Weed management is an ongoing challenge for agricultural fieldmen. In their eyes, healthy roadside ditches and right-of-ways are those free of weeds.
Influencing the presence of weeds in these strips is Roundup and other herbicides sprayed on adjacent croplands that drift to unintended areas. This risk is exacerbated when spraying takes place on windy days, and most will recall that we’ve just come through a summer that was windier than normal.
You may have noticed caragana windrows that appear dead in mid-summer; often that’s a result of them being unintentionally hit with Roundup. A problem with Roundup in our ditches and right-of-ways is that it’s indiscriminate; it kills all the vegetation it comes in contact with. And you know what establishes itself when you kill the grasses, shrubs and flowering plants? Weeds. That translates to more time and money to the fieldmen responsible for managing these places.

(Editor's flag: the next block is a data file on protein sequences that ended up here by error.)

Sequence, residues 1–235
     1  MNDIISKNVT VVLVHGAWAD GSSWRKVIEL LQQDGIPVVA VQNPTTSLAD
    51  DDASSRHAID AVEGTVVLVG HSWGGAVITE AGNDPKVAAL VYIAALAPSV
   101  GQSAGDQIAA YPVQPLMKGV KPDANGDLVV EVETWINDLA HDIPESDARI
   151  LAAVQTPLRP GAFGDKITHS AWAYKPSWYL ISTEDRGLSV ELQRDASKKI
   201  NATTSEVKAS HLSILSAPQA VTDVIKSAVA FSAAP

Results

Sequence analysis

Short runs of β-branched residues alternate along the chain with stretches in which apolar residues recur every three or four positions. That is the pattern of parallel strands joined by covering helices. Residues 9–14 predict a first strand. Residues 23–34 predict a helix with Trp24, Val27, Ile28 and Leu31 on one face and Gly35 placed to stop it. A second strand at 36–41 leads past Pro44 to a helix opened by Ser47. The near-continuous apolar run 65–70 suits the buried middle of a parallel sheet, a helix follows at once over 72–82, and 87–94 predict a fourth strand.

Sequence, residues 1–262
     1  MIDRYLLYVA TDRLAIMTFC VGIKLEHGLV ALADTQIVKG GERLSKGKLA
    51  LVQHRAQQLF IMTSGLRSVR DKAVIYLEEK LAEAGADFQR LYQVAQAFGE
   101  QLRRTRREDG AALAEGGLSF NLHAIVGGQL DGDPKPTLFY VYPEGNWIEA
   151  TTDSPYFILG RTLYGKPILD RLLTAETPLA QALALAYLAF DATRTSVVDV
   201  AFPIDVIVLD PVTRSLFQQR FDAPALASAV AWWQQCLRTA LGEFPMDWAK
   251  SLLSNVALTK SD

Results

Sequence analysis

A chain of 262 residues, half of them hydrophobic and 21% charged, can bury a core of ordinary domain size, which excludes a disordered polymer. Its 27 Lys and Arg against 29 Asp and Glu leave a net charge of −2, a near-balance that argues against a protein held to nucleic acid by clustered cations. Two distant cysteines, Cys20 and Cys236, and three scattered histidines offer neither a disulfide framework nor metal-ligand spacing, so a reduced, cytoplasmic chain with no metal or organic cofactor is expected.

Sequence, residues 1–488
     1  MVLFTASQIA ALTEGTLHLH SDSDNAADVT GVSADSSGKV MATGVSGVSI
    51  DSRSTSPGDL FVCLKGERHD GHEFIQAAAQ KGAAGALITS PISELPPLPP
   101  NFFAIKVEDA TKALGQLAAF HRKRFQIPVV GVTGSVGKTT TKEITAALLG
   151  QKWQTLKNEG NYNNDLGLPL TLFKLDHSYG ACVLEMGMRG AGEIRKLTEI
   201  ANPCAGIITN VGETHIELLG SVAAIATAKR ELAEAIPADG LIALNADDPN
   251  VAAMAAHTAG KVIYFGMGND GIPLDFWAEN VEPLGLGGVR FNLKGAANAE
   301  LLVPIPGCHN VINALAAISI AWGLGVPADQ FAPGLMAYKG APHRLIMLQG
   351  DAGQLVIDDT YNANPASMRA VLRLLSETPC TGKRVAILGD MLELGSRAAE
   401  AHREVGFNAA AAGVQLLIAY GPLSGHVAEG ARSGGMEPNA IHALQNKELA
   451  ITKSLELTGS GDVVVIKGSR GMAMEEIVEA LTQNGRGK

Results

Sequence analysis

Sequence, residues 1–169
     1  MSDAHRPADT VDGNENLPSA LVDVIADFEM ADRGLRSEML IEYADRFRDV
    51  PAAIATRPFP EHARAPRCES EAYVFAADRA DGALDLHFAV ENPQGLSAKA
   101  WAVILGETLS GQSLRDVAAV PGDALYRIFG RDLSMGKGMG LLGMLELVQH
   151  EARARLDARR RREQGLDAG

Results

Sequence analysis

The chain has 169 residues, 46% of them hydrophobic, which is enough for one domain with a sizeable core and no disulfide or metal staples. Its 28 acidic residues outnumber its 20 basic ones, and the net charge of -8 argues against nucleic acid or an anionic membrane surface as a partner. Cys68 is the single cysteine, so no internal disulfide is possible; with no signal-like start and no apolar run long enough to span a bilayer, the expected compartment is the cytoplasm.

Another similar and unfortunate scenario occurs when producers plow an existing right-of-way; the result is an instant explosion of kochia (above), a noxious, invasive species that is very difficult and expensive for counties and municipalities to manage. The result is that, most often, the farmer bears the expense of managing these weeds. Farmers will then crop the disturbed area, eliminating the benefits it offers, from filtration to habitat to access.
It’s hard to blame the counties and municipalities for allowing these publically-owned right-of-ways to be farmed as it’s the cheapest and easiest way to manage the weed problem, and no one’s complaining about it. The only practical solution is to keep plows out of these places in the first place.